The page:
A philanthropist who built and lost one of the country's largest pharmaceutical companies.
Birth & Parents
Edwin Claiborne Robins was born July 8, 1910, in Richmond, Virginia, the son of Claiborne Robins and Martha Elizabeth née Taylor. His father Claiborne Robins died in 1912, two years after his son's birth. An older brother, Albert H Robins, was born in 1907, but died before his father in 1912.
Marriage and Children
Claiborne met Lora McGlasson June 10, 1937, in Waco, Texas, while he was traveling for business. They were married June 24, 1938 in Waco.
E. Claiborne Robins died July 6, 1995, two days before his 85th birthday. He died at home in Richmond of Cancer of the pancreas. He is buried in the family mausoleum at Hollywood Cemetery in Richmond.
After his fathers death, his mother managed to keep the family business running until her son Claiborne graduated from college. He attended McGuire’s University School for his early education. Claiborne worked in the public library for 25 cents an hour and commuted to classes at the University of Richmond. He was on the honor roll and received a Bachelor of Arts Degree,  in English, in 1931.
As a member of the freshman class in Pharmacy at the Medical College of Virginia, in 1932, E.C. Robins was in the Kappa Psi fraternity and was the Athletic Representative for his class. He received a scholarship and graduated in 1933.
A. H. Robins
Albert Hartley Robins (1842-1935), grandfather of E. Claiborne Robins, started and ran the A. H. Robins Apothecary in 1866. It was located at 523 North Second Street in Richmond, Virginia, and later moved to 200 East Marshall Steet. The apothecary closed in 1929, due to the failing health of it's founder.
Albert's son Claiborne (1842-1912), started a related business A. H. Robins Company. It sold only to doctors, dentists, hospitals and pharmacies. When Claiborne died in 1912, his wife Martha (Taylor) Robins, ran the business until their son, E. Claiborne Robins, became president of the company in 1936.
Following his graduation E. Claiborne Robins, joined the business. At the time it had three employees including Martha.
"During his administration, Robins was able to hire salesmen, develop new drugs and production facilities, acquire subsidiary companies, and expand into international markets." Some of the highlights:
1942 the company made $100,000 of profit.
1946 the company began exporting to other countries.
1948 they hired a researcher to develop new products
1949 three popular products were introduced: Robitussin, an antitussive-expectorant; Pabalate, an antirheumatic; and Entozyme a digestant.
1953 A. H. Robins opened its first manufacturing plant.
1959 sales were over thirty-three million dollars.
1963 the company began acquiring other companies, such as the company that made Chap Stick
1966 E. Claiborne Robins, Jr. joined the company
1967 Net sales reached one hundred million dollars.
1970 the company bought rights to the Dalkon Shield, an intrauterine contraceptive device. Problems with the device would eventually lead to the down fall of the company.
1972 E. Claiborne Robins had been gradually reducing his everyday involvement with the company. A heart attack, in 1972, further reduced his activities.
1974 two hundred million dollars in sales. The FDA recommended that A. H. Robins suspend domestic sales of the Dalkon Shield.
1975 the company continued to remain strong, but lawsuits were pending from Dalkon Shield users. E. Claiborne Robins stepped down as CEO.
Despite the continued excellent sales of it's other products, the settlements and claims related to the Dalton Shield, eventually caused the company to file bankruptcy.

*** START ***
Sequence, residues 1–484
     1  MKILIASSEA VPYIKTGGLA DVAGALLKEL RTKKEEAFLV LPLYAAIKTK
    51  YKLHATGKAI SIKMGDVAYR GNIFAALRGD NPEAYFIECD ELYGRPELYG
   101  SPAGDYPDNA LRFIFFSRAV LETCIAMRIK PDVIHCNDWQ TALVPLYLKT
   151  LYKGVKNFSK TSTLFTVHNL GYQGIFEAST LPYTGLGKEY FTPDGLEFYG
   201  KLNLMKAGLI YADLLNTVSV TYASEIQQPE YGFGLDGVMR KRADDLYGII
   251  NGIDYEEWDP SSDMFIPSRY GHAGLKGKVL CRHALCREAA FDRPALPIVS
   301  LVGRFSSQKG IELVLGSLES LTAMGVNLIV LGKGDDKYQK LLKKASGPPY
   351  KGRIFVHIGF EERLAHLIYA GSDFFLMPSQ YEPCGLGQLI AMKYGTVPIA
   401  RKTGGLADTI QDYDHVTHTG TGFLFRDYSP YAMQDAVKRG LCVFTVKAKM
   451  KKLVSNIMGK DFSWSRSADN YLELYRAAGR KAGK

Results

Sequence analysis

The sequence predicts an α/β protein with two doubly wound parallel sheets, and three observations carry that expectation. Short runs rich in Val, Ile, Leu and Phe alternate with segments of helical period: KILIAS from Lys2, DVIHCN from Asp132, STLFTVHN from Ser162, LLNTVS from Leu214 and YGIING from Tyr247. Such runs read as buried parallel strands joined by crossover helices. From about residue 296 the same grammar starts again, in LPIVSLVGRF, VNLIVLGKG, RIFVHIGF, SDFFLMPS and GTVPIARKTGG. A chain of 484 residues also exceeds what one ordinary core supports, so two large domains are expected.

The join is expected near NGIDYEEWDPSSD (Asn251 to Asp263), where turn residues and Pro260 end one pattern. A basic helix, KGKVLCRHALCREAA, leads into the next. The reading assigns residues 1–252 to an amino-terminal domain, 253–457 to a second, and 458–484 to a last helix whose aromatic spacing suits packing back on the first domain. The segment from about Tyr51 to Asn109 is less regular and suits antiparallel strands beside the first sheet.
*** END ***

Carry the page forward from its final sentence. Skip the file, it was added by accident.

1989 American Home Products took over A. H. Robins. American Home Products became Wyeth in 2002.
The great success of the A. H. Robins company allowed E. Claiborne Robins and his wife Lora Robins to be extremely generous. "Mr. Robins said he gave about half of his income to charity each year." Besides large donations to the University of Richmond and the Virginia Commonwealth University, he also made gifts to the Virginia Museum of Fine Arts, the Richmond Public Library, the Medical College of Virginia and Virginia Union University.
Today the Robins Foundation continues to support the Community of Richmond, Virginia, especially promoting projects for children and families.
↑ 2.02.1 SSDI Records
Name: E . C. Robins
23226 Richmond, Henrico, Virginia, USA
BORN: 8 Jul 1910
Died: 6 Jul 1995
State (Year) SSN issued: Virginia (Before 1951)
Number: 223-14-0058; Issue State: Virginia; Issue Date: Before 1951
Social Security Administration. Social Security Death Index, Master File. Social Security Administration.
↑ 3.03.1 Birth certificate Certificate Number 1385 "Virginia, Richmond City Birth Index, 1870-1912," database with images, FamilySearch (https://familysearch.org/ark:/61903/1:1:QKDV-55TC : 18 September 2015), Claiborne Robins in entry for Edwin Claiborne Robins, 08 Jul 1910; citing 08 Jul 1910, Library of Virginia, Richmond; FHL microfilm 2,218,981.
1940 US Federal Census E Claiborne Robins 29, b. Virginia, married, head of household, Rented residence (1940 and 1935) Apt 5 Sheppard Street, Richmond City, Virginia; occupation President; earned $2800 and wife Lora Mig Robins 27 was living in Waco Texas in 1935
[1940; Census Place: Richmond, Richmond City, Virginia; Roll: T627_4319; Page: 11B; Enumeration District: 118-21. "United States Census, 1940," database with images, FamilySearch (https://familysearch.org/ark:/61903/1:1:VTM8-9FH : accessed 20 November 2016), E Claiborne Robins, Clay Ward, Richmond, Richmond City, Richmond City, Virginia, United States; citing enumeration district (ED) 118-21, sheet 11B, line 48, family 285, Sixteenth Census of the United States, 1940, NARA digital publication T627. Records of the Bureau of the Census, 1790 - 2007, RG 29. Washington, D.C.: National Archives and Records Administration, 2012, roll 4319. ]